In the 1970's, I (W6NBC) began teaching ham license classes. I assumed that the traditional full-theory style of class that most radio clubs offer was best. Prospectives would come once a week for a 2-3-hour evening lecture. The complete course would last several weeks. At a later date, the graduate would take a license exam, most often at another location. But soon I became very frustrated. No matter how good my instruction was. Few “first-nighters” were willing to attend the complete course and never got their license. I realized that the public just won’t endure a lengthy ham class.
So I speculated. Could the average person qualify for a ham license in just ONE DAY? That would take "the sting" out of the traditional class. But would only one day even be possible? Could a prospective ham master the material in so short a time? Would they tune out to be a good ham? | READ WHAT THE ARRL THINKS |
To find out, I took a chance. In 1995, I nervously pinned a "Get Your Ham License in One Day" flyer on a bulletin board at work, a large electronics firm in San Jose, CA. Three weeks later, they came. I did nothing more than provided each with a printed copy of the Technician Question Pool and set them to reading it for three hours – no lecturing, no explaining, no teaching. We took fifteen-minute breaks every hour, had lunch at noon, came back for three hours in the afternoon. Then at 4 PM we administered the test. It was all over in just one day.
To my astonishment, only one of the two dozen attendees did not pass. From that day onward, we do it exactly the same way. No lecture, no class, no theory, just a guided reading of the question pool. It is a winning formula, even though I had stumbled onto it by accident.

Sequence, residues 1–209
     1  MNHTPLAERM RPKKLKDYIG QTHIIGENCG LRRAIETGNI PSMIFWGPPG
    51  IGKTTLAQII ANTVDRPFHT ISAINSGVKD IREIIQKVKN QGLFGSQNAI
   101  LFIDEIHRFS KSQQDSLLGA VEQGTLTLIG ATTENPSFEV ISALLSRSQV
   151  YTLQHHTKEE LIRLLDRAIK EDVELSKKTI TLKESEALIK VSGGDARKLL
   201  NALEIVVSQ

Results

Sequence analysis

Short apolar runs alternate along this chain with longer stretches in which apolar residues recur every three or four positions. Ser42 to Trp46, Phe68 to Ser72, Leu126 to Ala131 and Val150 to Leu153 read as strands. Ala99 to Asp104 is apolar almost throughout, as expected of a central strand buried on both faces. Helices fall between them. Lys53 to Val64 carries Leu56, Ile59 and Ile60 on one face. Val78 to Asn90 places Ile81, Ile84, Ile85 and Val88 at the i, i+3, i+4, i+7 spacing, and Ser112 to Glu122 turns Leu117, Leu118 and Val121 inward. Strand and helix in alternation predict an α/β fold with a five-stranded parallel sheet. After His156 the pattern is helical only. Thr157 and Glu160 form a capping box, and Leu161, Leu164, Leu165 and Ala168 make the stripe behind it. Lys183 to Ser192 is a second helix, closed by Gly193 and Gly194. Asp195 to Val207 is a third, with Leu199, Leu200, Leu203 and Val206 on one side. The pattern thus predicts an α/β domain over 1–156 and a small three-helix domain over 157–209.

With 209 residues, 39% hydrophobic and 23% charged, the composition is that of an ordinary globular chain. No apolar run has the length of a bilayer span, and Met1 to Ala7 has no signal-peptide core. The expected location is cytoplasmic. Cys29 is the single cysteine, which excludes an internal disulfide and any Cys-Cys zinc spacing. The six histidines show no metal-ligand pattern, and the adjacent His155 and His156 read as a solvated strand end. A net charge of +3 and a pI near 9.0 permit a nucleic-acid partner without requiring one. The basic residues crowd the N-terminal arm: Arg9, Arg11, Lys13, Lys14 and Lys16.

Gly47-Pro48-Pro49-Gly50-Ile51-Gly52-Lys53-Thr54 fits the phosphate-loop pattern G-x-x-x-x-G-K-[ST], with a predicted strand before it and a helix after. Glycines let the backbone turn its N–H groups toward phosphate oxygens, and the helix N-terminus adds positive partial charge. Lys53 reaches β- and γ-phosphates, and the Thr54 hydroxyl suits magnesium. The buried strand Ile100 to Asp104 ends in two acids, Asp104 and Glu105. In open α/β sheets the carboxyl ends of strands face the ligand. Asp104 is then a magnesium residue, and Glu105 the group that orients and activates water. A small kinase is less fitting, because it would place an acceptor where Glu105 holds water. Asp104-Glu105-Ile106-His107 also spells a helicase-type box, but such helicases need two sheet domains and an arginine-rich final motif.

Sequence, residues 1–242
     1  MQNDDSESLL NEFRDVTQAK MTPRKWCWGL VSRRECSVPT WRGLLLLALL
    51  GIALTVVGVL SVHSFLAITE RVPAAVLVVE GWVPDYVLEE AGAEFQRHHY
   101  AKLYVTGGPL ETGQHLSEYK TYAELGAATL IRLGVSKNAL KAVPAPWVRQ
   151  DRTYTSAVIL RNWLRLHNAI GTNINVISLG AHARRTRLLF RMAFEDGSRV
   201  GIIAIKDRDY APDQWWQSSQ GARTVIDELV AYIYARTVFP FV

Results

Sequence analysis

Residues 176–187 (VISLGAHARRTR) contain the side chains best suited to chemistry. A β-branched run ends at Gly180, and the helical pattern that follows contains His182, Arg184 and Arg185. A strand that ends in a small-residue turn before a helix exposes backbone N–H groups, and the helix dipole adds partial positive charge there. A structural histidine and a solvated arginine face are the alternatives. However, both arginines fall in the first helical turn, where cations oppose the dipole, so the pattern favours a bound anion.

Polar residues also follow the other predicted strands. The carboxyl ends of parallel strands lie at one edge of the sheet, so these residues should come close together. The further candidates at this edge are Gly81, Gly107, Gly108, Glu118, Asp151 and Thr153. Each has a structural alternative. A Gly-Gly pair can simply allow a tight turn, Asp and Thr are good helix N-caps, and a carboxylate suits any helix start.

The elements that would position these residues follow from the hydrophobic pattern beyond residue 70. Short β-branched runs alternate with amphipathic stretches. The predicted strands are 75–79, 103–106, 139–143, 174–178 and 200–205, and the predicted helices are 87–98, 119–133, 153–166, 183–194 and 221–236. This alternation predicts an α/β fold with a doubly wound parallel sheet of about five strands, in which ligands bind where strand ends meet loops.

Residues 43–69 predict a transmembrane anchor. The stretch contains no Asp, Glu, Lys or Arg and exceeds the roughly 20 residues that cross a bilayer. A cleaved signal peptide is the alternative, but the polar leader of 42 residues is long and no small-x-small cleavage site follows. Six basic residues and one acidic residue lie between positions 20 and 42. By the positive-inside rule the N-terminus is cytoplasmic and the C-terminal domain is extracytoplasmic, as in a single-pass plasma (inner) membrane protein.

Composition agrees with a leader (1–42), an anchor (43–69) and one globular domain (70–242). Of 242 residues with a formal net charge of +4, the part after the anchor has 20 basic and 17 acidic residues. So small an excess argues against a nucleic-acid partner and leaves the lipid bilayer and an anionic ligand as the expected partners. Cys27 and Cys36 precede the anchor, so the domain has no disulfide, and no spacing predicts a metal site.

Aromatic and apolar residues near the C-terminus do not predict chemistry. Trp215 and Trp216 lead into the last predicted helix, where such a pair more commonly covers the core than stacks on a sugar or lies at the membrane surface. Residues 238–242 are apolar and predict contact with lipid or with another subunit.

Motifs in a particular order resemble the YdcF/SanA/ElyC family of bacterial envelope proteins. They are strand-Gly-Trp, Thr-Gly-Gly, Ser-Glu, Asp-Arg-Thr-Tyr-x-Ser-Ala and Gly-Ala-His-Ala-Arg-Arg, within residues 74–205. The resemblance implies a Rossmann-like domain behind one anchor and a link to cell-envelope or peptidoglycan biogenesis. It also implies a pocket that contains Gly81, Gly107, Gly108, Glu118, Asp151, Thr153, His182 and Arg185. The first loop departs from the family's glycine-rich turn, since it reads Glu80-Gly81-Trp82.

In the intervening years,several thousand have succeeded this way. Never have we fallen below 85%. Our youngest was ten, the oldest over ninety. And interestingly, few knew anything in advance about ham radio or electronics. It isn't just engineers who can pass this way. Short-term memory and the discipline we provide is the key to success, not technical knowledge alone.
When we expanded the program, some began to wonder, "Is this method a good idea?" Does it produce adequately qualified hams> Or can only a longer conventional class do that? I wondered this myself. Time, however, has been the clear "proof of the pudding." In my area, for example, there is not a repeater which does not today boast a sigificant number of our graduates.
Today, we are entirely confident that the FCC made the correct choice in allowing this style of license acquisition. In fact, other Federal license programs have since adopted the same practice, based on the success of the ham program. One-day graduates have demonstrated that getting a license that quickly does indeed adequately fulfill the intent of ham radio law and practice. Our graduates are not substandard, for a very good reason.
One of the cardinal purposes of ham radio is that the hobby itself is the primary teacher, not pre-license study. The intent of the law is clear. Most of a ham's training takes place "on the air."
Federal radio law really ONLY requires that a person thoroughly reads the rules and regulation before receiving a license. The highly responsible ham community is why all new hams, not just our graduates, follow the rules. Our hobby has long been justly proud of this. What's more, the broad appeal of our program attracts a much wider range of the public to the hobby than the conventional approach. This we consider our most positive influence. If nothing else, it helps to dispel the "classical" image of a ham as a "technical egghead." We take great pride in this.
Here’s one final example of the value of a one-day license. We’ve found that more of our graduates on average make their way into public safety programs. They tell us they ONLY enrolled in our program to become active in a disaster program. Attendees with RV’s, boats and model airplane enthusiasts say much the same. They tell us, had it not been possible to receiver their license quickly, they would not have become a ham.
In our view, "Get Your License in One Day" is having a very positive influence on ham radio. Our graduates are building the hobby. We encourage you to consider doing the same in your ham community or club. We will be very happy to assist you; “we know the ropes.” It's a non-profit volunteer program that we hope will spread. My early disillusionment with the "conventional" way to teach ham radio has more than paid off. Why not join us? You WILL most definitely be serving your hobby.